The English title to the 1951 German noir drama “Der Verlorene” is “The Lost One,” which is a suitable irony since the film is one of the lost classics to American moviegoers. Barely seen in the U.S., the film is a missing puzzle piece in the career of Peter Lorre, the celebrated character actor best known for his villainous performances in classic films including “M,” “The Maltese Falcon” and “Casablanca.” “Der Verlorene” has recently been restored for its 50th anniversary and is currently playing in festivals across Europe…but American festival organizers and distributors seem curiously unaware of the film’s presence and power and the film is nowhere to be seen in any U.S. outlet, even at this very late date.
During the 1930s and the first part of the 1940s, Peter Lorre was celebrated as one of the top character actors in Hollywood, specializing in coolly sinister performances which stole scenes from the top stars in the business. But by the early 1950s, Lorre’s career had stagnated into stupid little roles in minor, forgettable films. Seeking a greater chance at artistic freedom, he returned to his native Germany for the first time since he fled the Nazi regime in the mid-1930s and took the challenge of directing a feature for the very first time. Having worked with many of the finest directors (including Fritz Lang, Alfred Hitchcock, John Huston and Frank Capra), Lorre brought an intimate knowledge of high-quality cinema to his directing debut.
“Der Verlorene” opens in the horror of a German refugee camp. Lorre stars as a chain-smoking, hard-drinking physician who is responsible for the homeless, helpless people living within the barbed wire world of the camp. One day, he is informed that one of the refugees has medical training and can provide assistance for handing out inoculations. This medical refugee, however, is a former Gestapo agent who was the good doctor’s colleague in a research lab…and who also shattered his world with the news that the doctor’s fiancé was passing along word of their findings to the Allies. The doctor treats this betrayal by fatally strangling his fiancé, which then ticks off a long-dormant homicidal urge to strangle any woman who reminds him of his unfaithful love.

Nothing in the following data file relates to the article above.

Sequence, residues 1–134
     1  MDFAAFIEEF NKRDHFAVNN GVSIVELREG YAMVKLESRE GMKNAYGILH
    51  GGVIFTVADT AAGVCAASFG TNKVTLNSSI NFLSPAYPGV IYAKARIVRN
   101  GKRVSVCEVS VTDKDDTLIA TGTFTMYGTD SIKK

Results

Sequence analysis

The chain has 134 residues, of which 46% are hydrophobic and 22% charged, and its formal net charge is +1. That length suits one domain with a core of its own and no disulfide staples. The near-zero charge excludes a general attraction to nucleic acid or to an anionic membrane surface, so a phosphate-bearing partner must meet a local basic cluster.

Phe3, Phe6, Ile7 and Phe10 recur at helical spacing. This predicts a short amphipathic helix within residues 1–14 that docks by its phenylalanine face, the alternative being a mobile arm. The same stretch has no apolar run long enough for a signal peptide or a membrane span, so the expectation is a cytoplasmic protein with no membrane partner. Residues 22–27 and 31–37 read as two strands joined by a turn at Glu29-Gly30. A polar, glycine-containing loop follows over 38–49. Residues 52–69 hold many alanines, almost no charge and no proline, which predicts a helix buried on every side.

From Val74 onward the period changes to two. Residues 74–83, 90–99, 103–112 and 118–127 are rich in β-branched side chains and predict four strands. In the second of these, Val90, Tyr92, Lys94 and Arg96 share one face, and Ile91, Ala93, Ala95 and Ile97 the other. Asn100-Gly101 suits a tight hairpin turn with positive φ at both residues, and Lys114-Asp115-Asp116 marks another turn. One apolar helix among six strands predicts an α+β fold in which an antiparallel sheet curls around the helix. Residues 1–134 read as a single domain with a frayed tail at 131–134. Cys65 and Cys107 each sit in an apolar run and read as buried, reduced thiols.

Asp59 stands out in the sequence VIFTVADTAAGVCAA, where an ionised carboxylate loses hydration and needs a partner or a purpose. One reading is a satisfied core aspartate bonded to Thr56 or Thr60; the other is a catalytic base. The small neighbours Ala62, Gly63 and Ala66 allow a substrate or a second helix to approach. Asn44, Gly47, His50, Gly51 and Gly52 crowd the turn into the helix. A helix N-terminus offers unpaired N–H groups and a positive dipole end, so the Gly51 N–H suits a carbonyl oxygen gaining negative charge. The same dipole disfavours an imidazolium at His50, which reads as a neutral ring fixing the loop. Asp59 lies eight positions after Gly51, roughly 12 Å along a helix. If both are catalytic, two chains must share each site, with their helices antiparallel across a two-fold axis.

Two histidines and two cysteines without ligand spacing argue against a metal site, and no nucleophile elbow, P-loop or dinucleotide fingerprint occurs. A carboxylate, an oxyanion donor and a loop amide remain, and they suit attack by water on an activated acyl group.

“Der Verlorene” offers a wonderfully uncomfortable dissection of a criminal whose isolated acts of murder take place nearly unnoticed within a country that was in the midst of the widest and most gruesome slaughter in the history of civilization. In presenting his medical murderer, Lorre wisely did not go for melodrama and avoided the temptation of overplaying his hand with rolling eyes and cackling grimaces. Instead, his character keeps an eerie and nearly-impossible air of calm and control, offering charming insouciance when his crimes are realized by almost-victims who barely escape him. In the film’s shocking denouement (which will not be revealed here), he provides an amazing air of joy and rue in awaiting the action which will end his horrendous double life. The small, slight gesture he enacts and the expression he provides are so subtle and powerful that few actors could dream of replicating. This film was Lorre’s triumph as an actor.
As a director, Lorre did well to mask the low-budget limitations of the German film industry from that era with an unusual mix of lush Hollywood-style film noir camerawork and gritty neo-realism which offered a peerless mix of style and squalor to depict the doctor’s (and his country’s) rise and ruin. Vaclav Vich’s cinematography rivaled the finest of the big-bucks Hollywood studios with a rich shadow play in the twilight sequences when the disturbed Lorre is casually on the prowl for a bit of murder.
Perhaps Lorre did his job a little too well. “Der Verlorene” was a commercial disaster when it was first released in Germany, which was not surprising since Germans of the time wanted to forget the war, and other European countries had no interest in playing the film. Lorre kept the film out of the U.S., owing to well-founded fears of a miserable McCarthyist political climate which would not tolerate a film of this nature. Lorre would never direct another film and he later returned to the silly supporting roles he was trying to escape, ending his career in stoogery opposite Vincent Price in Roger Corman’s campy Poe-flavored chillers.
Time has been the ally of “Der Verlorene” in Europe, where it has since been hailed as a classic. Yet outside of a bare handful of brief engagements in the early 1980s, American audiences only know of “Der Verlorene” from reputation. As the film travels its half-century anniversary lap around European cinemas, one can only hope that “Der Verlorene” can finally cross the Atlantic and take root permanently. It is a great work of art whose absence from America is not short of criminal.
In German with English subtitles.

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